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Chess Live, formerly called US Chess Live (when it was affiliated with the United States Chess Federation), was a subscription Internet chess server that opened on August 8, 2000, and closed on 29 May 2007 when it was bought by Internet Chess Club and merged with World Chess Network to form World Chess Live.
There were three membership options: Trial, Basic, and Royal; Basic and Royal levels required periodic payments. Higher levels of membership included more features, such as the ability to observe or participate in certain tournaments often held on the server.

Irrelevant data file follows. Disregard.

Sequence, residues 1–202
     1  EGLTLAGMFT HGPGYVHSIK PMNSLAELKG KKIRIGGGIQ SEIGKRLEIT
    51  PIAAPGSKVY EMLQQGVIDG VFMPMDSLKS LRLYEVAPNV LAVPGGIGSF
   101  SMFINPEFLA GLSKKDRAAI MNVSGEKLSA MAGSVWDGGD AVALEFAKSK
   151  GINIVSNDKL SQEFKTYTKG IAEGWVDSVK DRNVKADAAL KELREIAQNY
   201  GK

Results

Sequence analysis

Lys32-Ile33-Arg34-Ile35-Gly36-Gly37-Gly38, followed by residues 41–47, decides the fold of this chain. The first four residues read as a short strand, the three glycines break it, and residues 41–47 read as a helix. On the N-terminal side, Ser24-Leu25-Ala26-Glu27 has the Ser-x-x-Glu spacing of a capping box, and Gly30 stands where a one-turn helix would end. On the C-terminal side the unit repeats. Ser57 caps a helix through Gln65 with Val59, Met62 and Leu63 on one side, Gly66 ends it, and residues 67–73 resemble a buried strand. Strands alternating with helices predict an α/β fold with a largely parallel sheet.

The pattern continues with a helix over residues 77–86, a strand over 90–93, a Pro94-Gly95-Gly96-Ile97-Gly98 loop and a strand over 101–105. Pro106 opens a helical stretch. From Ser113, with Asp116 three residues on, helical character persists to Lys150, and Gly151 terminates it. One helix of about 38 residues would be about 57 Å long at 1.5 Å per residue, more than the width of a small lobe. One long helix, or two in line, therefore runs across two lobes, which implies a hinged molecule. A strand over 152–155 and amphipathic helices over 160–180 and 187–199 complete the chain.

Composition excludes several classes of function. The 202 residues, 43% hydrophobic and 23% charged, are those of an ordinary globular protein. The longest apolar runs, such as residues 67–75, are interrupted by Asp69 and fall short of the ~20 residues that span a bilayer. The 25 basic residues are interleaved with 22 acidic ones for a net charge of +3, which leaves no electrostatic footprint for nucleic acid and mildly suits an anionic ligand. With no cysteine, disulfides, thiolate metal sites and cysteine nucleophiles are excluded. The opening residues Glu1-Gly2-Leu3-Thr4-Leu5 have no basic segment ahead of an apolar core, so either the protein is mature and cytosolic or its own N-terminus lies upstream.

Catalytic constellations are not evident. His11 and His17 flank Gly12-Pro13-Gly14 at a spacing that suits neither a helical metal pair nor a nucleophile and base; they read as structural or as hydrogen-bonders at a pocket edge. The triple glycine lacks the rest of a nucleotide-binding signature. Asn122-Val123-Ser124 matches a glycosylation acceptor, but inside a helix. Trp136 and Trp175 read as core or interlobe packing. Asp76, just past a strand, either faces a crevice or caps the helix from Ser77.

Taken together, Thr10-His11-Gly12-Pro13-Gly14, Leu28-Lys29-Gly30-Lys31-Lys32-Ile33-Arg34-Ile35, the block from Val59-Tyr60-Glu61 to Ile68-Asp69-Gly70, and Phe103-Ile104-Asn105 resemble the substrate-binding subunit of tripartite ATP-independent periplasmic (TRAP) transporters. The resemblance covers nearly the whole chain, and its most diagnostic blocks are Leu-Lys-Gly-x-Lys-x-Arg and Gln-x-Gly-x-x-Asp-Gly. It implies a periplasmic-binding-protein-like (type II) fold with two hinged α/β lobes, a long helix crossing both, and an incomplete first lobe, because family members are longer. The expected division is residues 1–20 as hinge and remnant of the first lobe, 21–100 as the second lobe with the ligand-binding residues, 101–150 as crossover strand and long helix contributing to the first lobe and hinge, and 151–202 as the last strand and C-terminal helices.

In addition to providing Internet users the opportunity to engage in games of chess with others, Chess Live also provided free lectures on skill and tactics to improve one's ability at the game.
There were a range of paid and voluntary staff positions to ensure the smooth and effective running of the system.
Registered users used a client to connect to the server. At the end there were two versions of the client available: version 4.2.00, an installed program; and version 2.5.1, implemented in Java and that could be run from virtually any Internet-connected computer with a Java-enabled Web browser. Royal members could use non-Chess Live interfaces to connect to the server, such as Thief 1.1, Winboard, or countless other interfaces.
Cheating detection measuresEdit
The software had arrangements to try to detect players using the assistance of chess programs. It did this, in part, by detecting task switching activities, based on information being undertaken on the computer that the program was able to detect.